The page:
On the Sydney Mardi Gras march of 1978.
The Conversation, CC BY31.7 MB (download)
On a cold Saturday night in Sydney on June 24, 1978, a number of gay men, lesbians and transgender people marched into the pages of Australian social history. I was one of them.
The audio version of a long read on the historical mistakes and cover ups that hampered the response to the devastating Ebola outbreak of 2014.
When did Australia’s human history begin?
The Conversation, CC BY16.6 MB (download)
Today's episode of Essays On Air, the audio version of our Friday essay series, seeks to move beyond the view of ancient Australia as a timeless and traditional foundation story.
This podcast explores the latest sexology research – including the topics that are still too taboo to get funding. We talk to sex robot experts and find out how sex work has moved online.
Why grown-ups still need fairy tales.
The Conversation, CC BY22.8 MB (download)
We consciously and unconsciously tell fairy tales today, despite advances in logic and science. It’s as if there is something ingrained in us that compels us to see the world through this lens.
The audio version of a long read on stalling life expectancy in the UK.
Essays On Air: Reading Germaine Greer’s mail.
The Conversation24.4 MB (download)
The Germaine Greer Archive offers a powerful, often amusing, sometimes perplexing glimpse into the lives of people affected by her work, as well as the many faces of Greer herself.
The urban heat island and summertime blackouts.
The Conversation25.6 MB (download)
Today, we're asking why some of the most disadvantaged parts of our cities cop the worst of a heatwave and how you -- yes, you! -- can do your bit to reduce the risk of a summer time blackout.
Essays On Air: Why libraries can and must change.
The Conversation, CC BY23.3 MB (download)
The much heralded 'death of the book' has nothing to do with the death of reading or writing. It's about a radical transformation in reading practices, as explained in this episode of Essays On Air.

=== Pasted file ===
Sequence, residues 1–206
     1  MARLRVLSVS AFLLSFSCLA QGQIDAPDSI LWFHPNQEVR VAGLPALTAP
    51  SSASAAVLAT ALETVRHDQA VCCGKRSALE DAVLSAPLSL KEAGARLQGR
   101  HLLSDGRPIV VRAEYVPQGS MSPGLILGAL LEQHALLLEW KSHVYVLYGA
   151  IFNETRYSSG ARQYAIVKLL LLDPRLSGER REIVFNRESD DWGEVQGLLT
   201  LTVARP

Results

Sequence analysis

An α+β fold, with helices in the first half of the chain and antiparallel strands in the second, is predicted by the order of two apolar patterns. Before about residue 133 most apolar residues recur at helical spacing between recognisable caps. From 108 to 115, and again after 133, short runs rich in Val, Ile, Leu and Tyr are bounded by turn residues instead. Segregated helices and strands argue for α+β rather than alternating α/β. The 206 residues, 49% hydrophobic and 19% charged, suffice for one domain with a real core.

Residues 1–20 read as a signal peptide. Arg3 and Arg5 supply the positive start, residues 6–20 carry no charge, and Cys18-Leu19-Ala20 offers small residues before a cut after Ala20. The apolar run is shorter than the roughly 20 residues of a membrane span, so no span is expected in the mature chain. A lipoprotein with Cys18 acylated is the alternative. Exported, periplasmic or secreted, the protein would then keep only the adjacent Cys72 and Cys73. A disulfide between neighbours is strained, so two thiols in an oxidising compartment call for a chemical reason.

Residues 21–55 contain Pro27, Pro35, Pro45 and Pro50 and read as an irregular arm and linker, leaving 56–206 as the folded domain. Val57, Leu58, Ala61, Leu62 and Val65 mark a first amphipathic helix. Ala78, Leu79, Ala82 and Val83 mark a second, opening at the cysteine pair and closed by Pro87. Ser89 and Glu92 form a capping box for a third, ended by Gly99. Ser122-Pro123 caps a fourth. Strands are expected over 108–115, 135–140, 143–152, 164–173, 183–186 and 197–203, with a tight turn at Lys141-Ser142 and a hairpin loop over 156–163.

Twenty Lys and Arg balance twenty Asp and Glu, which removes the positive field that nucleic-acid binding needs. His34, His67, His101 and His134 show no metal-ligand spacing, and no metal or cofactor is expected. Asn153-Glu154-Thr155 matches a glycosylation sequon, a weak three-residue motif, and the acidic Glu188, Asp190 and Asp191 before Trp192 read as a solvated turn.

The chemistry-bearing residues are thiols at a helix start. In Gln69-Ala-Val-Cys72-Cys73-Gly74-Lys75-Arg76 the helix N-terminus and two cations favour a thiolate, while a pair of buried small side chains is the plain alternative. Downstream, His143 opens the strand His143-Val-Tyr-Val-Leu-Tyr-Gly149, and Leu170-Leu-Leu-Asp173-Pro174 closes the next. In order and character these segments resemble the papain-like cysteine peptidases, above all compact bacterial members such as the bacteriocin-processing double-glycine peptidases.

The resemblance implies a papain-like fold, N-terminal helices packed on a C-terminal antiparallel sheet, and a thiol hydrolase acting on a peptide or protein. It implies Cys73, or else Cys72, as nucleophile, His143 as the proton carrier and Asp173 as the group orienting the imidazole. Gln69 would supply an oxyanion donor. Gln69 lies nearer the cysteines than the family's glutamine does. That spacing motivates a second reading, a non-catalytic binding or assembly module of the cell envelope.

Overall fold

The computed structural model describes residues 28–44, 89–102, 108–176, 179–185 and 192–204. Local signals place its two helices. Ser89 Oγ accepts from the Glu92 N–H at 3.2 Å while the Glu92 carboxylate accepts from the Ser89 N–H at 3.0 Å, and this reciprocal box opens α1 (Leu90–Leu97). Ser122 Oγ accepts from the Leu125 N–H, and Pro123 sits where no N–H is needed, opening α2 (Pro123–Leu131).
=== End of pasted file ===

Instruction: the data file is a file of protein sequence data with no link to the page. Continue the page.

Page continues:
Speaking with: Professor David Field about unusual crimes that have changed the law.
CC BY-ND27.2 MB (download)
Sleepwalking murders and 'battered wife' syndrome are unique precedents set by extraordinary cases. David Field talks about unusual cases that have shaped Australian law.
The cultural meanings of wild horses.
The Conversation18.6 MB (download)
Today's episode of Essays On Air explores how humans have related to horses over time and across the world, and asks: is it time to rethink how we 'manage' brumbies in the wild?
In this episode of The Anthill podcast, we bring you stories on helicopter parenting, early puberty, and what it's like to grow up as a Muslim in Britain.
Essays On Air 01: Introducing Essays On Air.
The Conversation is launching a new podcast, Essays On Air. It's the audio version of our Friday essays, where we bring you the best and most beautiful writing from Australian researchers.
The latest episode of The Conversation's In Depth, Out Loud podcast, an audio version of selected long-form stories.
This month, we're talking risk. Three experts give their perspective on how long you might live, how to deal with loneliness – and how to step outside your comfort zone.
Author and social researcher Hugh Mackay says fragmentation was among the key themes of 2017 – but he has some concrete suggestions on how we can do better in 2018.
We're pouring cold water on old ideas in this episode: from why the population of Easter Island really declined and what makes a good urban legend.
Politics Podcast: John Blaxland on new foreign interference laws.
John Blaxland has some real concerns about the unintended consequences of the proposed foreign interference legislation on academic debate.
The latest episode of The Conversation's In Depth, Out Loud podcast, in which we read out a selection of long form stories.
William Isdale speaks with Emrys Westacott about how living simply can bring happiness in an increasingly complex world.